NOAA’s Climate Prediction Center (CPC) has launched a new look and feel to some of their temperature and precipitation maps to better communicate upcoming climate outlooks across the U.S. The new maps will be used for the 6-10 day and 8-14 day, monthly, and seasonal outlook products.
The upgraded maps offer a substantial improvement in image quality, making them more user-friendly for stakeholders. They also offer increased clarity in visualization and improved messaging in the legend to aid in better map understandability to improve decision support across sectors.
“After considerable research and collaboration with partners and users, we are pleased to offer these now-operational, upgraded climate outlook maps for our partners and the public,” said Jon Gottschalck, Climate Prediction Center. “Since our efforts on this project began in 2017, our team at CPC has worked collaboratively and creatively to deliver these newly-visualized maps to our stakeholders.”
To develop the new look and feel for the maps, CPC worked with the University of Maryland (UMD) Cooperative Institute for Satellite Earth System Studies (CISESS). In addition, user feedback was also incorporated to ensure the upgraded maps deliver on their goal of clearly communicating upcoming climate outlooks.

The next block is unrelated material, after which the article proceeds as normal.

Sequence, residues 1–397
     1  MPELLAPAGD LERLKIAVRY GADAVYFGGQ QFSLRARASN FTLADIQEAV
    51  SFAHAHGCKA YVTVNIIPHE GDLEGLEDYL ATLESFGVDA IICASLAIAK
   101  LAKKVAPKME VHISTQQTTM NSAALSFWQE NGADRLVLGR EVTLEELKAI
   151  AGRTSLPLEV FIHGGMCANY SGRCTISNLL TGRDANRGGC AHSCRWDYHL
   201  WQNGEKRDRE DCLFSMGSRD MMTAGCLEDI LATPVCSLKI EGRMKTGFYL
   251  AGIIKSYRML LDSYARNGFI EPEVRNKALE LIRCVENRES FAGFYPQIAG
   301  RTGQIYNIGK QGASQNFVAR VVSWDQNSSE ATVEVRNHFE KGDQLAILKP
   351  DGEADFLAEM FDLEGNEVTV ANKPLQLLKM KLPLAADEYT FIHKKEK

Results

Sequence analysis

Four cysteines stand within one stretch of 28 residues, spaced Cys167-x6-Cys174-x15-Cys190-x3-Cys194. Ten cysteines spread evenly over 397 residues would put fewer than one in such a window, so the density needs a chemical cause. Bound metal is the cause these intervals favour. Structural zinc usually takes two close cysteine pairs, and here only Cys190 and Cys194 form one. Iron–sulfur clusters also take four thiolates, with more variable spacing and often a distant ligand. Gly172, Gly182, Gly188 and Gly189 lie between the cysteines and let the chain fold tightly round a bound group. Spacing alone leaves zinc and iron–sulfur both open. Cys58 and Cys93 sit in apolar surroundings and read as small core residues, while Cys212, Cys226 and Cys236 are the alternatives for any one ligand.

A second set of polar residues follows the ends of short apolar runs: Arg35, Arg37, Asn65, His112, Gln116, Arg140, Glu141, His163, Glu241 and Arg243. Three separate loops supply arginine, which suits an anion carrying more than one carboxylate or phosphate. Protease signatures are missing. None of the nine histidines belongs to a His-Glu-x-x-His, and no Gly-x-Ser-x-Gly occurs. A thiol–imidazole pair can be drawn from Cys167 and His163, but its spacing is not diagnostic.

“Our goal was to engage users to test which maps were understood the best. We want even more people to use NOAA data to support their decisions and social science research provides cost efficient answers on what works best,” said Project Lead Melissa Kenney from the University of Minnesota’s Institute on the Environment and UMD CISESS.
Future maps, including those for the week 3-4 temperature and precipitation outlooks, will also undergo a visual upgrade in the future. To learn more about the science behind these upgraded map products, read more in the American Meteorological Society article: Using Visualization Science to Improve Expert and Public Understanding of Probabilistic Temperature and Precipitation Outlooks.
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